Starboard Believes the Proposed Merger with Celgene is ill-Advised and Not in the Best Interests of Bristol-Myers Stockholders

Read the March 18th Investor Presentation Opposing the Proposed Transaction

As detailed in our Investor Presentation and February 28th open letter to stockholders, our conclusion that Bristol-Myers’ proposed acquisition of Celgene is ill-advised and not in the best interests of stockholders is based on five primary views:

  1. Bristol-Myers is buying a company with a massive patent cliff – among the largest in pharmaceutical industry history – which we believe will serve as a major overhang on the Company’s shares in the years to come. Based on our analysis, the patent cliff caused by REVLIMID alone will require Celgene to replace over 60% of its total revenue in the next 7 years.
  2. We believe the Celgene pipeline is extremely risky and will continue to require significant research & development (R&D) funding. Bristol-Myers management’s projections contemplate Celgene essentially rebuilding its entire current revenue base from its pipeline over the next 8 years, as essentially all of Celgene’s marketed products lose patent protection over this timeframe. We believe this is an aggressive assumption and may not be realistic based on historical precedents.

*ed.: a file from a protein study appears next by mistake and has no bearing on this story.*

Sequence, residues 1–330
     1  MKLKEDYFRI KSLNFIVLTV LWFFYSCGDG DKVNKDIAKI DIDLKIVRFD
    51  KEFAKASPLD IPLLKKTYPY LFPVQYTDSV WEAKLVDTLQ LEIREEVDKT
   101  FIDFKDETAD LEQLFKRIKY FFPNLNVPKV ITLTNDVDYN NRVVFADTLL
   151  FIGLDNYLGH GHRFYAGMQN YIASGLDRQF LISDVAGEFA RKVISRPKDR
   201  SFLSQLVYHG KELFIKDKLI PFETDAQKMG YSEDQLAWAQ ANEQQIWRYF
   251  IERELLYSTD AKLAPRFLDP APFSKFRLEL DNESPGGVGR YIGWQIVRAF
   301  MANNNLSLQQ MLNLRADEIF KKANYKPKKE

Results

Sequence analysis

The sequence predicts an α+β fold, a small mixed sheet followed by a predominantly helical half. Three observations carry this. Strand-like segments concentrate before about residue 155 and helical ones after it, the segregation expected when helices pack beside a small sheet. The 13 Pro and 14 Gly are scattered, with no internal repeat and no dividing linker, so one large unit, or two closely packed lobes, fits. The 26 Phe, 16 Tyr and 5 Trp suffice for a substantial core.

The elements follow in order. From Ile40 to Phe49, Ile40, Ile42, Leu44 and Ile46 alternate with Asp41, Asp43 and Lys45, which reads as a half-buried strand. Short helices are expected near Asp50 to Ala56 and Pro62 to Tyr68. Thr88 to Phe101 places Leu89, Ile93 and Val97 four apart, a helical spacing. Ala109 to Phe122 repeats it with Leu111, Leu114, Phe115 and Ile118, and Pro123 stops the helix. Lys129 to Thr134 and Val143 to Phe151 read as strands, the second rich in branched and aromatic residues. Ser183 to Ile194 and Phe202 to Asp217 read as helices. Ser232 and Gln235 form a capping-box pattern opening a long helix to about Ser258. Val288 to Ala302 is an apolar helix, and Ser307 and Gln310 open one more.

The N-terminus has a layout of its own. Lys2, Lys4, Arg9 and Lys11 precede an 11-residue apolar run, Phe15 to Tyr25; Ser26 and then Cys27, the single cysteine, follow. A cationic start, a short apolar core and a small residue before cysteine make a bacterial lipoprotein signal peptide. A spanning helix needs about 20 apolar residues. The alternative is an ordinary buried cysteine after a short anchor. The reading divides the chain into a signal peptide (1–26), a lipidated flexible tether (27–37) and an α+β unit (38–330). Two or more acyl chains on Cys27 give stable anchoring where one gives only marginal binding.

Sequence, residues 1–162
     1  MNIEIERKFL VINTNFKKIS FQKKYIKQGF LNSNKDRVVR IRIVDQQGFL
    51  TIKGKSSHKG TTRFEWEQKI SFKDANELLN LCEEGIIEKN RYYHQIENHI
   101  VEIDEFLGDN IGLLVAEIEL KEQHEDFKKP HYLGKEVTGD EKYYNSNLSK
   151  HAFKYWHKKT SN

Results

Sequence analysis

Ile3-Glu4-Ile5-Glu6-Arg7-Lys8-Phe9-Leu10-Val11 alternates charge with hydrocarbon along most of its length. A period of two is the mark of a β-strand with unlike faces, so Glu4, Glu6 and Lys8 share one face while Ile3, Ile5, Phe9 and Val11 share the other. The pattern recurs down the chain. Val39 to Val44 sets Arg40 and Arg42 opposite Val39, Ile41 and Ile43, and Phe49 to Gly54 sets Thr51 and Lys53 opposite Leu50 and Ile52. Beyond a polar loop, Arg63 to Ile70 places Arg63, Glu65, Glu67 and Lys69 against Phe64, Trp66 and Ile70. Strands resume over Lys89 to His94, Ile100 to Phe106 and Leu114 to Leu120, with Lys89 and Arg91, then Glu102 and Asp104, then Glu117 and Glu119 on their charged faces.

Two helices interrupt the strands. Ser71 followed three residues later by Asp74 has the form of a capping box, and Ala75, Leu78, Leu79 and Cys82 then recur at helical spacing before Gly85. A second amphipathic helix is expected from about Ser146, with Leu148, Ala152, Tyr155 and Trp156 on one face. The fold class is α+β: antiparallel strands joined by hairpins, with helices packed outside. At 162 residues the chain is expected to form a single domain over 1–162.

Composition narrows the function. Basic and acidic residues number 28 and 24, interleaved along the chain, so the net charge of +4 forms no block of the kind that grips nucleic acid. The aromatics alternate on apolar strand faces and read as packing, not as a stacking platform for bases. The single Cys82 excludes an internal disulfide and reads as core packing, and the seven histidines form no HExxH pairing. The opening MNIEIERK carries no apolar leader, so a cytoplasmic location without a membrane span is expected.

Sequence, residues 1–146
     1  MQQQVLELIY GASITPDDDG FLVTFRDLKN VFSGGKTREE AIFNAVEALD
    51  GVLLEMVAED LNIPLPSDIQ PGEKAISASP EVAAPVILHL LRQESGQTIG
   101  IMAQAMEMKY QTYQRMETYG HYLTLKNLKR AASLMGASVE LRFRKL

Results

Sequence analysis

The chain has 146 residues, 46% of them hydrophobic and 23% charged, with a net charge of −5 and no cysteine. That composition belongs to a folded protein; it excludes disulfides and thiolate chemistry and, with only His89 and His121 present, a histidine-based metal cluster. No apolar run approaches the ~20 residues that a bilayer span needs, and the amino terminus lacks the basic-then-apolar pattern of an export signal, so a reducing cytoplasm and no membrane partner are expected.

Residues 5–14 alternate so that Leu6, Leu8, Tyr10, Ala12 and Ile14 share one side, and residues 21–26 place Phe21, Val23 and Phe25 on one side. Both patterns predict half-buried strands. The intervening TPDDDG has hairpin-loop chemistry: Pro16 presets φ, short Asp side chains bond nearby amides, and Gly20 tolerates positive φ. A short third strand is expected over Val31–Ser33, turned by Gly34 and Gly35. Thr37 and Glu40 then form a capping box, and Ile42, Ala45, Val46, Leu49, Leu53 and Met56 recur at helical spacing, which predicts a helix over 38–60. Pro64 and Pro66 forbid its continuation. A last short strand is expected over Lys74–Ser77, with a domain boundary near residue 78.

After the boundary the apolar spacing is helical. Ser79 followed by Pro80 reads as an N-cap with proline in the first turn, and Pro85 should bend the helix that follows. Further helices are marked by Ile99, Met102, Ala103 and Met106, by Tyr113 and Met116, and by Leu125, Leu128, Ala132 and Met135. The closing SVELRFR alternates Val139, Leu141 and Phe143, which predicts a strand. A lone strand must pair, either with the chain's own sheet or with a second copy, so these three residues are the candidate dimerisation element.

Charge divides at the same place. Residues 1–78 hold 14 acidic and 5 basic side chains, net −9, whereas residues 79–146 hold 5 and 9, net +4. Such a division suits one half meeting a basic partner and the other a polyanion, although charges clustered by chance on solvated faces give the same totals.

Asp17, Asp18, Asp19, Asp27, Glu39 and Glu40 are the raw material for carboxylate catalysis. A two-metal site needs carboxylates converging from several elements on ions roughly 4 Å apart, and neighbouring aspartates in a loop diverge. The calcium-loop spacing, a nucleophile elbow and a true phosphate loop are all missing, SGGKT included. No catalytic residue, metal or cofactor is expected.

3. The process and diligence timelines leading up to the announcement of the acquisition, as outlined in the Company’s S-4, lead us to believe that this transaction was hastily construed and perhaps done to thwart potential strategic interest in Bristol-Myers. We believe that if the Company remains independent, it is quite possible that there may be strategic interest in Bristol-Myers at a substantial premium to the current stock price.
  4. We believe Bristol-Myers’ analysis of the financial merits of the transaction – specifically its allocation of value between Celgene’s marketed products, the combined synergies, and the Celgene pipeline – is potentially misleading based on our diligence.
  5. We believe there is a better path forward for Bristol-Myers, either as a more profitable standalone company with a more focused, lower-risk strategy, or in a potential sale of the whole Company.